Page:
In their research on whether a presidential candidate is more likely to win their running mate’s home-state, they found that no evidence to support such a conclusion: “Over the course of a little more than the past century, a vice presidential candidate’s state of residence generally has no effect on how a presidential candidate performs in that state. The vice presidential home state advantage is, essentially, zero.”
The same researchers found that VP choices don’t help much with specific demographic groups either.
Further evidence against the significance of VPs is the fact that none of the major econometric models used to forecast presidential elections include a variable for vice presidential picks; yet, the models still successfully forecast presidential election outcomes (most of the time). When the models do make mistakes, it is not because they failed to account for the VP selections.
Nonetheless, the belief in the importance of a VP pick continues in today’s election reporting, if only because a vice president can rise to the highest office due to the death or resignation of a president.
Vice presidential picks can furthermore help in other ways beyond a possible home state advantage. They can represent a critical constituency (Mike Pence in 2000 with evangelical voters), a ground-breaking candidacy (Geraldine Ferraro in 1984, Joe Lieberman in 2000), an augmentation to the qualifications and experience of the presidential candidate (Dick Cheney in 2000, Mike Pence 2016, Joe Biden 2008), or act as the campaign’s attack dog so the top of the ticket doesn’t need to descend into the mud (Richard Nixon 1952).
The political research against notwithstanding, in reality, there is concrete evidence that a VP selection can matter, and the case I cite most often is the 2000 presidential race between Al Gore and George W. Bush.
Most of us remember the 2000 election for how close it was and the ‘hanging chads’ in Florida. Few remember the vice presidential debate between Joe Lieberman and Dick Cheney that took place on October 5, 2000 at Centre College in Danville, Kentucky.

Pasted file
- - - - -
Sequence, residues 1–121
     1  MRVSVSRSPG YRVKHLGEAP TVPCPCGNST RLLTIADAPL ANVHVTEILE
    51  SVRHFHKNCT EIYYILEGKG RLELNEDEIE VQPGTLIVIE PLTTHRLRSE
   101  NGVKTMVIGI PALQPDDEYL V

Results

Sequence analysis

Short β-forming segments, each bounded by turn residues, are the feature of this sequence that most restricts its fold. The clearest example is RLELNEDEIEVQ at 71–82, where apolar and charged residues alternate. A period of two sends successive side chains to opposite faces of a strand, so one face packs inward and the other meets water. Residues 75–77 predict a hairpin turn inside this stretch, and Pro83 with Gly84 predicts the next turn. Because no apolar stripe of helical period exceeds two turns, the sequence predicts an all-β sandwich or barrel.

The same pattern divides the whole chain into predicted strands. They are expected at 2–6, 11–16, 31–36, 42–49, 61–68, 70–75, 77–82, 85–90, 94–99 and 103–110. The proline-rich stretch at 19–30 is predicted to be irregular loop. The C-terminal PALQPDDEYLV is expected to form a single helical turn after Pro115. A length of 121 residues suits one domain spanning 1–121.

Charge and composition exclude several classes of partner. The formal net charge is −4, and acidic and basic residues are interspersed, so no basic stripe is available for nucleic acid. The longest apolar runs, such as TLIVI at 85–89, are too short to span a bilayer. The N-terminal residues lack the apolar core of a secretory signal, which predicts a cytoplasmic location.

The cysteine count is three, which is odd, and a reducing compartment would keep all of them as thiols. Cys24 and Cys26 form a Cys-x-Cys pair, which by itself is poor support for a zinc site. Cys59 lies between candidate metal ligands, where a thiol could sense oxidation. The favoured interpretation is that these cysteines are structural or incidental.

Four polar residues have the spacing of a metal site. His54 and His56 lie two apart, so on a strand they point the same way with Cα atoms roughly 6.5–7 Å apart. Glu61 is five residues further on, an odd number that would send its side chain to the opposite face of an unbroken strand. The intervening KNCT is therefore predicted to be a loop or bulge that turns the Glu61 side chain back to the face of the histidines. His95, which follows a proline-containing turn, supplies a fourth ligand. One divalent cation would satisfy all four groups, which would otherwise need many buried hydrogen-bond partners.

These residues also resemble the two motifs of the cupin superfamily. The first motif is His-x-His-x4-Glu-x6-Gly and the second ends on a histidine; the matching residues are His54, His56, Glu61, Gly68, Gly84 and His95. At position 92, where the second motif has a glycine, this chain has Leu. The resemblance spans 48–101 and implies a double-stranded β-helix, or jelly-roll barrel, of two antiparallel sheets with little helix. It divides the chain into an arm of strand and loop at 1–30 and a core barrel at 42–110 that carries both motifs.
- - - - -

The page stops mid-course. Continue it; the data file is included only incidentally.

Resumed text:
The hot take in the news media immediately after the VP debate was that it was civil, highly substantive, and probably boring to the average voter — hence, wouldn’t affect the final election outcome. The VP debate merely highlighted and amplified differences between Bush and Gore already known within the electorate, pundits said.
But something interesting and profound happened about 24 hours after the VP debate — tracking polls began to show a softening in Gore’s support (and a strengthening in Bush’s). The largest political futures market at the time — The Iowa Electronic Markets — showed an enduring, almost monotonic decline in the probability of Gore winning the election after the VP debate (see graph below).
What was the cause? There was no significant news event in that first week of October 2000 except for the VP debate.
Focus groups I conducted at the time while a graduate student at Columbia University offered an intriguing insight: Undecided voters found Lieberman’s raspy, Elmer Fudd-like voice unpleasant and distracting, while Cheney’s demeanor was perceived as comforting.
“He’s like a wise grandfather,” one female focus group participant said of Cheney. “I want to curl up in his lap and have him read me a story.”
That is probably not the image most of us have of Cheney today (if you do, I would keep it a secret); but, in the 2000 election, the Republicans had nominated a once-hard-drinking frat boy, George W. Bush, and many swing voters were uncomfortable with his anti-intellectual tendencies. Cheney wrapped these voters in a security blanket, giving them assurance that a junior Bush presidency would be run by adults, not just Delta Kappa Epsilon frat bothers.
The rest is history. You can decide if it was for better or worse.
My point is simply that VP choices can a have deep impact on the presidential vote. No research has convinced me otherwise.
If Donald Trump is as savvy as he tells us he is, he will understand how critical it is for his re-election chances to consider picking a new running mate.
Sorry, Mike. No time to worry about getting dumped from the GOP ticket. You have a far more important challenge facing you right now.
Comments and hot takes can be sent to: firstname.lastname@example.org